Co-Occurring Disorders: Challenges & Treatments

The existence of mental health disorders along with substance abuse — known as “co-occurring disorders” — affect over 8 million adults in the U.S. Co-occurring disorders pose unique challenges to treatment teams, and relatively few programs are equipped to assess, diagnose and treat them. People diagnosed with depression, PTSD, social anxiety, bipolar disorder, borderline personality disorder, or other significant personality disorders or psychiatric conditions have higher rates of substance abuse than the general population. In fact, The National Institutes of Health (NIH) estimates that substance abuse is two times as prevalent among individuals suffering from serious psychiatric disabilities.

Why are substance abuse disorders so common among people with mental illness?

  • Brain chemistry imbalances predispose certain individuals to both mental health and substance abuse disorders.
  • Mental illness and substance abuse may run in the family, increasing the risk of acquiring both disorders through heredity
  • Drugs or alcohol may be used to self-medicate, or to manage symptoms if those symptoms aren’t properly treated
  • Drug or alcohol abuse may aggravate the symptoms of a psychiatric disorder or trigger the onset of a latent psychiatric illness

“Integrated Programs” offer specialized treatment for individuals living with co-occurring disorders. They understand that affected individuals require dedicated, intensive and highly personal treatment programs and interventions. Truly integrated programs provide tailored and individualized treatment plans and services. They anticipate and respond to each patient’s diagnosis, medical history, psychological history, substance abuse history, and emotional needs.

Effective Treatment Methods

Effective treatment of co-occurring disorders begins with a complete neuropsychological evaluation designed to determine each patient’s needs, strengths, beliefs, barriers, goals and objectives. Using this vital biopsychosocial information, treatment teams develop specialized care plans that address substance abuse and psychiatric issues concurrently.

Best practice methods for service delivery in an integrated treatment setting include:

  • Focused individual therapy with a psychiatrist, psychologist or therapist to address the symptoms and challenges of mental health issues
  • Behavioral modification therapies (cognitive behavioral therapy or dialectical behavior therapy) to teach coping skills and increase self-awareness and relapse prevention
  • Medication Assisted Treatment(s) to assist in the management of psychiatric symptoms or reduce cravings for alcohol and/or drugs
  • Group therapy with peers who are also faced with co-occurring challenges
  • Comprehensive family education and counseling to help loved ones understand the scope, nature, and outcomes of co-occurring disorders
  • Spiritual and emotional skills-training
  • Holistic and experiential therapies — including meditation, yoga, equine-assisted therapy, creative therapies, and/or other recreational therapies — to encourage self-expression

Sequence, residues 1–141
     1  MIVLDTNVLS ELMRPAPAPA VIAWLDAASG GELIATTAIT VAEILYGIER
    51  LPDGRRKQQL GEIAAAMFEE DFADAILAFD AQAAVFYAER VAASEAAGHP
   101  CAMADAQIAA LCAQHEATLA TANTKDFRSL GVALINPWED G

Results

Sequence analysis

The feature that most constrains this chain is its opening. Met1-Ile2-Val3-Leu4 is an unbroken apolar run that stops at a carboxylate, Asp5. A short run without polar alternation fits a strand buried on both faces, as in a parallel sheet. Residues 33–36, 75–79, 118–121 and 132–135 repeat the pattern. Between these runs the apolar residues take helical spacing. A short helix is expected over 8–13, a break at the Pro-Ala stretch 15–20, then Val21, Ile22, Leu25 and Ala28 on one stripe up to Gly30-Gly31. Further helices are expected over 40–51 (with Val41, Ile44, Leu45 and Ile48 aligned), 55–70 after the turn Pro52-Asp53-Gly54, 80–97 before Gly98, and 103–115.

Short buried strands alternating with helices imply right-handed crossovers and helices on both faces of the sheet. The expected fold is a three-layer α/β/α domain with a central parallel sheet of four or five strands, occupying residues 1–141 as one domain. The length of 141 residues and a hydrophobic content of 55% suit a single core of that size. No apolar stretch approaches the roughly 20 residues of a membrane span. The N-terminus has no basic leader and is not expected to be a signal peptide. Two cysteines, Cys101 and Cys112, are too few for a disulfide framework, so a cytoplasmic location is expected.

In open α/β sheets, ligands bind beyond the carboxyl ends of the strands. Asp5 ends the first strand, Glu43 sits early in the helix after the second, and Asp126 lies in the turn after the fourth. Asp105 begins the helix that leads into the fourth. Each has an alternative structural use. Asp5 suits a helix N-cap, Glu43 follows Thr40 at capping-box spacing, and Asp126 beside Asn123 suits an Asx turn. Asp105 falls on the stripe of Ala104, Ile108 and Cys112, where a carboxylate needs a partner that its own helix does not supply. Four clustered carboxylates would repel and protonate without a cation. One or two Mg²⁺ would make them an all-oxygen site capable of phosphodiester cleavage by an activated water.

What Makes the Di fference?

Clinicians and professionals treating patients with co-occurring disorders must educate, encourage and empower individuals through every phase of the treatment and recovery continuum. Co-occurring conditions pose specific obstacles to treatment and recovery. Lack of motivation, difficulty concentrating, fear and vulnerability, emotional volatility, and other symptoms make treatment all the more delicate and complex. Effective programs take a collaborative approach to care, working closely with patients to motivate and assist them along the path of lifelong health, wellness and recovery.

The Integrated Checklist

Co-occurring disorders are common; however, the availability of truly integrated programs is disproportionately limited. Up to 50% of patients in treatment for psychiatric issues have a concurrent substance abuse disorder, according to Psychiatric News, yet few of them will receive treatment for both disorders at the same time. If you or a loved one are looking for help, consider the following essential pillars of a truly Integrated Program:

  • Treatment services for both mental health and substance abuse are provided at the same facility
  • Mental health professionals, physicians, and therapists are cross-trained in providing mental health services and substance abuse treatment
  • Treatment teams maintain an open attitude toward the use of psychiatric medication
  • A full range of recovery services are provided to facilitate a transition through the continuum of care

Integrated Treatment Programs in PA

Recovery is a lifelong process of awareness, growth and discovery. At Bradford Recovery Center – an integrated Pennsylvania drug rehab center – we treat and support patients with co-occurring diagnoses from detoxification and rehabilitation, to family therapy, alumni services, and recovery support. If you need help for yourself or a loved one, call today for a free integrated assessment.